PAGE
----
16

The green light from copper flame is sadly not a single wavelength. It is very good question though because not many students even think about it. In order to "see" what wavelengths are present in a light source, you either need a spectroscope (old school way) or a monochromator with a detector (modern way). Of course you can search about Bunsen-...


7

Conceptually you are right as the commenters have mentioned, but since we are on a thread about nitpicking, we might as well go the extra distance. Technically, $r^2R^2$ itself is not a probability but a probability density. In order to get the actual probability, you need to integrate it over a region. The probability of finding an electron between $r = r_1$...


3

The 'centrifugal' term appears when the coordinates are changed from $(x,y,z)$ to spherical $(r, \theta, \varphi)$. This is not to say that it is artificial, or a mathematical trick, but is a consequence of the fact that the electron has orbital angular momentum, and this is made clear by changing coordinate systems. To summarize: the equation is $H\varphi(\...


3

$v$ is not the wave speed, it is the speed of the object with the given mass and de Broglie frequency. Also, there should be rather $p$ instead of $mv$, unless $v \ll c$. As $$ E = \sqrt{(mc^2)^2 + (pc)^2}$$ then $$p = \sqrt{\left({\frac {E}{c}}\right)^2 - {(mc)}^2}$$ For a massless object like a photon: $$p = \frac Ec$$. For an object with mass, there is ...


3

You are correct in your ideas. The effect is important in the van-der-waals interaction and appears as an additional $1/r^7$ term compared to the usual $1/r^6$ term. (This is sometimes called a retardation effect). It is present only at larger distances (a few nm) and arises only in induced-dipole interactions (dispersion interaction) because of the time it ...


3

Hmm, so I'm not entirely sure what notation you're using ($D_4$ sounded like Schönflies to me), but I'm sure you can figure out the equivalent. In general I agree with Andrew's point that molecular symmetry is determined by atomic positions and not orbitals. But at least to me as of now, this seems to be a thought exercise more than anything (after all, no ...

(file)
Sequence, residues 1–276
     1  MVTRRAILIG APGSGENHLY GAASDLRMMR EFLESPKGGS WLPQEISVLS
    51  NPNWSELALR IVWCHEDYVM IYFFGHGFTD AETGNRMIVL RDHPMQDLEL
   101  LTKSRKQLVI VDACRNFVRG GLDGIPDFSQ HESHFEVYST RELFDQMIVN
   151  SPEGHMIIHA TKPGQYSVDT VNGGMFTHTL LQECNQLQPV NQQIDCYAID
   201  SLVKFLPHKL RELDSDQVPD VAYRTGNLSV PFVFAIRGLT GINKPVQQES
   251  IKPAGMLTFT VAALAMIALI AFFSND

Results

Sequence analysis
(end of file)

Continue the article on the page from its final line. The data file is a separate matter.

3

If two operators commute, then there exists a basis for the space that is simultaneously an eigenbasis for both operators. However, if one of the operators has two eigenvectors with the same eigenvalue, any linear combination of those two eigenvectors is also an eigenvector of that operator, but that linear combination might not be an eigenvector of the ...


2

The tab sections Input, Examples and Basis Function Overview of Gen in Gaussian's online manual present, in tandem, a summary guide to what the various parameters listed in the question are and what the way they are ordered implies. Under the Input section, there is helpful text next to Defining a shell., which also has a useful pseudo-code block listing the ...


1

The potential energy between the O atoms in the H bond has the form of an anharmonic potential an example of the shape is the Morse potential or a Lennard-Jones 6-12. The energy is zero at large O-O separation and moves to a minimum as this distance is reduced (the point at which a the H bond exists with the H atom between the two O atoms, typically 0.15-0....


1

Let operators $\hat{A}$ and $\hat{B}$ commute, $[\hat{A},\hat{B}]=0$, and consider the eigenvalue equation for $\hat{A}$: $$ \hat{A}|\psi\rangle=\lambda|\psi\rangle. $$ The first thing to prove is that $\hat{B}|\psi\rangle$ is also an eigenstate of $\hat{A}$ with the same eigenvalue. To do this: $$ \hat{A}(\hat{B}|\psi\rangle)=\hat{B}(\hat{A}|\psi\rangle)=\...


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